It was sort of a changing of the guard, more than two months ahead of schedule, at the Amadeus Horizons 2010 conference in San Francisco.
On the stage, answering questions from a moderator on Oct. 15, were David Jones, president and CEO, who will leave office in January 2011, and Luis Maroto, deputy CEO, who will succeed Jones.
Moderator Nellie O'Brien asked Jones about some of the innovations he's seen during his career and Jones joked about about the first time he saw doors open automatically, at Idlewild Airport (now JFK) in the early 1960s, and in recent years the advent of horizontal flat-bed seats in business class "for those of you who sit in the front third of the airline."
Getting more serious, Jones cited Qantas' airport of the future, of which Amadeus has a 17% piece of the work, as an exciting project.
Jones has been CEO since Jan. 1, 2009, but when asked about some of the company's most important accomplishments, he spoke about some of the company's key decisions over the last decade.
The talk turned to legacy and legacies.
The most important, Jones said, was the "early decision" to transition from legacy to open systems and Service-Oriented Architecture, and "the escape from the tyrannical constraints of the hardware."
Another officials at the conference said that migration is 90% complete and would be finished in 2012.
Unlike Amadeus' GDS competitors, Jones said the company also made "the critical strategic decision" not to outsource operations.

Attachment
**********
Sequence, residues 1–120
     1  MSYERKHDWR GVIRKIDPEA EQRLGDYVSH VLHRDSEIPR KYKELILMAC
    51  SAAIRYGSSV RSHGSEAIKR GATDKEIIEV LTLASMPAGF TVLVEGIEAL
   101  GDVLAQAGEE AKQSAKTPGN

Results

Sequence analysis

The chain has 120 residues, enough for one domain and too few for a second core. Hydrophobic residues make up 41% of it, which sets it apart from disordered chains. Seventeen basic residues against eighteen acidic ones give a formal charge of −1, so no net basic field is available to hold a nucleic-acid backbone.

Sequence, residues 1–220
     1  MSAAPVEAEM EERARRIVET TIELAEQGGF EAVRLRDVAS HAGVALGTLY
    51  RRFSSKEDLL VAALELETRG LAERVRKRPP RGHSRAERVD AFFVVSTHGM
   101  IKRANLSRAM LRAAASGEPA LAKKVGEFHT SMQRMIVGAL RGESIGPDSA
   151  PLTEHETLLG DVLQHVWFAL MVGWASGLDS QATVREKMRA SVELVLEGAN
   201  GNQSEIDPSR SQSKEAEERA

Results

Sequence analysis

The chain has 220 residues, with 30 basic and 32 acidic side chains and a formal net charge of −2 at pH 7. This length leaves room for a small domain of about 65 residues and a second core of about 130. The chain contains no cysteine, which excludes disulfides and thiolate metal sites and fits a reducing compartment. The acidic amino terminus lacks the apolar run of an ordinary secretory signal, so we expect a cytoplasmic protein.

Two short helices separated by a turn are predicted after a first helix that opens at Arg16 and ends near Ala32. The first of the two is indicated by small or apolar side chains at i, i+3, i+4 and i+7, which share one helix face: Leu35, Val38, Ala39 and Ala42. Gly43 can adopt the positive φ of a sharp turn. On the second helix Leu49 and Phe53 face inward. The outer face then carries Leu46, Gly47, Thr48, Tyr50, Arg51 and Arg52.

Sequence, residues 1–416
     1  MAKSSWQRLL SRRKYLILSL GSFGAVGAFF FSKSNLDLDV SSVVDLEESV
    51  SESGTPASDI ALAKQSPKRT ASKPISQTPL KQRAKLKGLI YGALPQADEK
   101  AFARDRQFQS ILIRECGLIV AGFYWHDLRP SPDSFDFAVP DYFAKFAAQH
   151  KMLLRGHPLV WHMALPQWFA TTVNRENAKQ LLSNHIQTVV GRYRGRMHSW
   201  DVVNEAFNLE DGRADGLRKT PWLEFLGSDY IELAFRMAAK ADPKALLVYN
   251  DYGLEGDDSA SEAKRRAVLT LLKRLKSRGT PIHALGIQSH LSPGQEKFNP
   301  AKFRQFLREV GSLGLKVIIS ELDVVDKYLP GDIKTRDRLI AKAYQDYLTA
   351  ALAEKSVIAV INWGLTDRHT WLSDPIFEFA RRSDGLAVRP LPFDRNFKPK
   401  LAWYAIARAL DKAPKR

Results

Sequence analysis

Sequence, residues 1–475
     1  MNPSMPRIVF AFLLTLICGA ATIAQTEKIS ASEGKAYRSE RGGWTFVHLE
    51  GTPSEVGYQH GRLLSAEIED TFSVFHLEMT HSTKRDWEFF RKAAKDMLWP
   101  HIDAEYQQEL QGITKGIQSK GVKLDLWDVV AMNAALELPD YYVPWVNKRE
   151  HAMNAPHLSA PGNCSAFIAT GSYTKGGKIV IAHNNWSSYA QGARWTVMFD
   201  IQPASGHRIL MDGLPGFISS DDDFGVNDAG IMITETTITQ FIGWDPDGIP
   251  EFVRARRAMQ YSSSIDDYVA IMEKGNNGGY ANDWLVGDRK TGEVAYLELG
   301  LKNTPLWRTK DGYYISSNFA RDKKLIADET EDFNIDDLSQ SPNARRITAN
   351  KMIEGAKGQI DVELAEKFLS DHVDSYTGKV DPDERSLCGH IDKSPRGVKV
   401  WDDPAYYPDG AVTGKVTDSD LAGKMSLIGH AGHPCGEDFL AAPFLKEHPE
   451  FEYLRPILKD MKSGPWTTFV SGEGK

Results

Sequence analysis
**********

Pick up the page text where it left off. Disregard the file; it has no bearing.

Asked about accomplishments, Jones pointed to the speed with which Amadeus grew from a regional to a global distribution system in the 1990s.
When asked about some of the challenges along the way, Jones cited the emergence of low cost carriers.
"They have been immensely disruptive to many people in this room, including to us, but we are getting to love them," Jones said.
With GDSs and LCCS, it evidently wasn't always love at first sight.
Of his tenure as CEO, Jones pointed to the Amadeus IPO in March 2010 as an accomplishment.
Jones said he led the IPO and called it "a considerable achievement that I'm proud of, but that's only an internal thing."
Then it was Maroto's turn.
Asked about the big challenges he will face when he loses the deputy part of his title in January 2011, Maroto cited managing complexity, delivering innovative solutions and balancing the needs of individual customers with those of the "community."
Talking about that complexity, Maroto said he is excited about the transition and that collaboration with the industry will be more vital than ever.
As the two walked off the stage together, Jones challenged Maroto to tell the truth about the transition, saying what Maroto really wants is to get "the old boy (Jones) out of here."
Whether it is legacy systems or CEOs, some transitions just have to run their course.
Disclosure: Amadeus paid this writer’s flight and hotel expenses for the Amadeus Horizons 2010 conference.